VATICAN CITY (Reuters) - The Catholic Church’s response to cases of sexual abuse by priests is crucial to its credibility and it must “acknowledge and make amends for” even decades-old cases, a Vatican spokesman said on Saturday.
The church is reeling from a series of media reports this week that Pope Benedict, before being elected pontiff, may have looked the other way in the case of the abuse of hundreds of boys by a priest at an American school for the deaf.
The Vatican has denied any cover-up in the abuse of 200 deaf boys by Reverend Lawrence Murphy from the 1950s to the 1960s, after the New York Times reported he was not defrocked despite warnings sent to the Vatican and to Cardinal Joseph Ratzinger, then the church’s top doctrinal official, now Pope Benedict.
The New York Times report came after many new allegations of sexual abuse by priests in Europe, especially in Ireland and Germany, with pressure on bishops to resign for failing to report cases to civil authorities.
“The nature of this issue is bound to attract media attention and the way the church responds is crucial for its moral credibility,” said the Vatican’s chief spokesman, Father Federico Lombardi, to Vatican Radio.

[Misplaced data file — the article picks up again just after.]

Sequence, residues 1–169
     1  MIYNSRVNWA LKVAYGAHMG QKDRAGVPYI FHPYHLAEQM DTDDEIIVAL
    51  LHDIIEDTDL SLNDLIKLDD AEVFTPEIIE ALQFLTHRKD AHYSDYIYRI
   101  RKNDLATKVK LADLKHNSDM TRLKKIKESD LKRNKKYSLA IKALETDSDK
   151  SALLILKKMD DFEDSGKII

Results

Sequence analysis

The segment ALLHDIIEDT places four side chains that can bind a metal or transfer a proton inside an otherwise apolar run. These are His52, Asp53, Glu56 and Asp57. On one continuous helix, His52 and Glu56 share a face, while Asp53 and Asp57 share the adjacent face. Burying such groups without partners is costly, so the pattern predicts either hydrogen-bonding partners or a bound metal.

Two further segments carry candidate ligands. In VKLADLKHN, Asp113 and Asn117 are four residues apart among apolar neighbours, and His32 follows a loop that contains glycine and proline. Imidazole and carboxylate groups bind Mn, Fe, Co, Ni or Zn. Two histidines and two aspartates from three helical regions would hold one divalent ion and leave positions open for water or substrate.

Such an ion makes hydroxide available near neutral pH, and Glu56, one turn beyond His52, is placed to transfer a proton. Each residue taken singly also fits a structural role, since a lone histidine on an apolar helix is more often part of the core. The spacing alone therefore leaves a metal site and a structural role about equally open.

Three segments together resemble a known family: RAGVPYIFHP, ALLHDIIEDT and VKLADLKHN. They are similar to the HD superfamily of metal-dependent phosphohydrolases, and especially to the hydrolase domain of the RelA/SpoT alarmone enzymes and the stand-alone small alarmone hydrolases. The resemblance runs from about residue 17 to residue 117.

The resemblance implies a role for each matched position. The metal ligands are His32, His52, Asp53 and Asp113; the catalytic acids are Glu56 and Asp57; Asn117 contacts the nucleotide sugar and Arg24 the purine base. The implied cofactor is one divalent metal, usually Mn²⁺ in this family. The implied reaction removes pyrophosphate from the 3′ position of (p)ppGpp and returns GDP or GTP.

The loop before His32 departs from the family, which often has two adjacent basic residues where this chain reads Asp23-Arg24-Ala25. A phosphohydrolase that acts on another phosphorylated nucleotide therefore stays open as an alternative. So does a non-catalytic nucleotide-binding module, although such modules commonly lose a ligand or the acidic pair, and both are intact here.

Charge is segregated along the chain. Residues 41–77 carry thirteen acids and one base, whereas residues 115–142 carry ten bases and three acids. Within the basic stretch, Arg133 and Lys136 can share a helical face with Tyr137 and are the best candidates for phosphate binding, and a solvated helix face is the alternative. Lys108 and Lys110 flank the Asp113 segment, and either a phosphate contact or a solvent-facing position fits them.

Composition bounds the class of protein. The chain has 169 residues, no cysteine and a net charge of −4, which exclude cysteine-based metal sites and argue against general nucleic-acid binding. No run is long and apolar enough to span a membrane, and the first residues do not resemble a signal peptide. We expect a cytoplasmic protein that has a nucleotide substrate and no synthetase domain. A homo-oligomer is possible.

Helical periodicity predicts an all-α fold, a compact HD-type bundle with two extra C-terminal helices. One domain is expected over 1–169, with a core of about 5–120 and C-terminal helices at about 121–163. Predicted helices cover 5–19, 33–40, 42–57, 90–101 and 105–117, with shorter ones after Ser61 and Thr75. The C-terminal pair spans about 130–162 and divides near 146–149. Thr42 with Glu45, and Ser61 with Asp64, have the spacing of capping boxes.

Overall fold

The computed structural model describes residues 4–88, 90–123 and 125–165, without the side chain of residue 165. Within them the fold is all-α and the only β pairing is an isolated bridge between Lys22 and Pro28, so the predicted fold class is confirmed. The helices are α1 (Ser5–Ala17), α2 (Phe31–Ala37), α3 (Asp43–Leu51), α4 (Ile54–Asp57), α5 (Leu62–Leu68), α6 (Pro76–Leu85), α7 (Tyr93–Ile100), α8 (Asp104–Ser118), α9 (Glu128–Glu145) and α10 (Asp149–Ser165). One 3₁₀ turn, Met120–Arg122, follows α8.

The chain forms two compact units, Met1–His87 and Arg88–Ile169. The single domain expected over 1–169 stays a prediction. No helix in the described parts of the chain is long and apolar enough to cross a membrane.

Although the cases cited happened long ago, “even decades ago, acknowledging them and making amends to the victims is the price for reestablishing justice and looking to the future with renewed vigor, humility and confidence,” Lombardi said.
The Vatican spokesman defended action taken by the church to educate priests and lay members of the church about abuse. While warning against complacency, Lombardi said the number of cases reported had fallen by more than 30 percent in the past year and most of those “concern events of over 30 years ago.”
He said “any non-superficial observer” could see “the authority of the pope” and of the doctrinal body he once presided over — the Congregation for the Doctrine of the Faith — had not been weakened by events because of the firm response.
Supporters of Pope Benedict point to his action against the charismatic head of the priestly order The Legion of Christ, Father Marcial Maciel, after evidence emerged in 2006 confirming earlier allegations that he had abused young seminarians.
The Legion disowned its founder this week, in a move perhaps unprecedented in the history of a Catholic order. Maciel died in 2008, still a priest, but having sent by Benedict to retire to a life of “prayer and penitence.”
With the media spotlight on whether Benedict refers to the abuse cases in Easter Week ceremonies starting with Palm Sunday mass, Lombardi said prayers would focus on “the young and the people dedicated to educating and protecting them.”
He told Vatican Radio these prayers “sum up the feelings of the church at this difficult time when it confonts the plague of pedophilia.”
Reporting by Stephen Brown